A "Saudi Spring?": The Shi'a Protest Movement in the Eastern Province 2011–2012
Abstract:Since 2011, Saudi Arabia experienced the largest and longest protest movement in its modern history. This article outlines how small protests inspired by the socalled "Arab Spring" and in solidarity with the uprising in neighboring Bahrain developed into a sustained youth protest movement with its own particular demands and frames of references. At the local level, the article shows how the emergence of this protest movement affected the political and social dynamics within the Saudi Shi'a community. The government reacted with repression and an anti-Shi'a sectarian rhetoric that ensured that the "Saudi Spring" in the Eastern Province failed to spill over to the rest of the country. The case study of the Eastern Province protest movement in 2011 and 2012 shows that, while new media are good organizational tools for protesters, personal networks, a semi-autonomous public sphere, and histories of political subversion facilitate a protest movement.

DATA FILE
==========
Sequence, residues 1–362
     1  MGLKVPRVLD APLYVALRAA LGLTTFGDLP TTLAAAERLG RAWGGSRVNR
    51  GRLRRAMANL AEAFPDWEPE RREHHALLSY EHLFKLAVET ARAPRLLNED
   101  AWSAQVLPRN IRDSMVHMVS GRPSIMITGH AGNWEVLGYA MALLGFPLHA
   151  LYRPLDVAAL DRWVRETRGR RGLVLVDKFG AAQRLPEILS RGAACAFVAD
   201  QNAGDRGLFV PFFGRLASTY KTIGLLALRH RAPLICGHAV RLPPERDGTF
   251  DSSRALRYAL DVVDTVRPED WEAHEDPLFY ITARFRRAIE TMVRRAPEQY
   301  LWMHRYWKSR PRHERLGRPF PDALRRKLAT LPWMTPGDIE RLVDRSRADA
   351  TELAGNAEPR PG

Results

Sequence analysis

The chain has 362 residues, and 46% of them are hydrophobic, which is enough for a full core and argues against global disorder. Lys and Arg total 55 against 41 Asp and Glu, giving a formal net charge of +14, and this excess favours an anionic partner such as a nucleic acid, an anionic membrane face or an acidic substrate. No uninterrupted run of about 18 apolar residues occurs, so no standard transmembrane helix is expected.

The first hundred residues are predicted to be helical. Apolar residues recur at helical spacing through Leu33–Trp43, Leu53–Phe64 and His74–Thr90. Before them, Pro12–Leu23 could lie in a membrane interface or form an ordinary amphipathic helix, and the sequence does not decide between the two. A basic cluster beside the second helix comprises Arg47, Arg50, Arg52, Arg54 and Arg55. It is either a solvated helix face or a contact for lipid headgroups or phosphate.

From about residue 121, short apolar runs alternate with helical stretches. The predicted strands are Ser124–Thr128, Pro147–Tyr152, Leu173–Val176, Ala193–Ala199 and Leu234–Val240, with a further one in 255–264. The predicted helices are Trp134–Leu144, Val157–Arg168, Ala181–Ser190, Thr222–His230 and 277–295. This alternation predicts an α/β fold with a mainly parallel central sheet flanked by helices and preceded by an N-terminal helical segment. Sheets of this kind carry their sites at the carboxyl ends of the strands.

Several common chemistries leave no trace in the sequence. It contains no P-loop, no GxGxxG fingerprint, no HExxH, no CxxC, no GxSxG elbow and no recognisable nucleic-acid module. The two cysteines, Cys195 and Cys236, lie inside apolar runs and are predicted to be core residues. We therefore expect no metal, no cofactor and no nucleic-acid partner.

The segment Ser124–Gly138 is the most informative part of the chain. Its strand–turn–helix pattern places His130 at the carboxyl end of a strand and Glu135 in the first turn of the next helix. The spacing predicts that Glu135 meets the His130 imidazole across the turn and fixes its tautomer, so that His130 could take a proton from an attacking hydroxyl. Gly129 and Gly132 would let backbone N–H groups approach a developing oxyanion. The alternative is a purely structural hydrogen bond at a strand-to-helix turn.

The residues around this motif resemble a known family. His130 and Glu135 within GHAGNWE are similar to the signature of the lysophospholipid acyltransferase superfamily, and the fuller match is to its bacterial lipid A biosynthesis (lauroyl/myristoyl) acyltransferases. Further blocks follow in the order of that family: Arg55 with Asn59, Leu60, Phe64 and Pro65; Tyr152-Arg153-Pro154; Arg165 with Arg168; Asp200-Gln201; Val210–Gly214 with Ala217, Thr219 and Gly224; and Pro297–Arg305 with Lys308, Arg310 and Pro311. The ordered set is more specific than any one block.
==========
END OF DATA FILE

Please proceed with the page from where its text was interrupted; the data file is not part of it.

Document Type: Research Article
Publication date: September 1, 2012
The Middle East Institute has published The Middle East Journal quarterly since 1947. The Journal provides original and objective research and analysis, as well as source material, on the area from Morocco to Pakistan and including Central Asia. The Journal provides the background necessary for an understanding and appreciation of the region's political and economic development, cultural heritage, ethnic and religious diversity.
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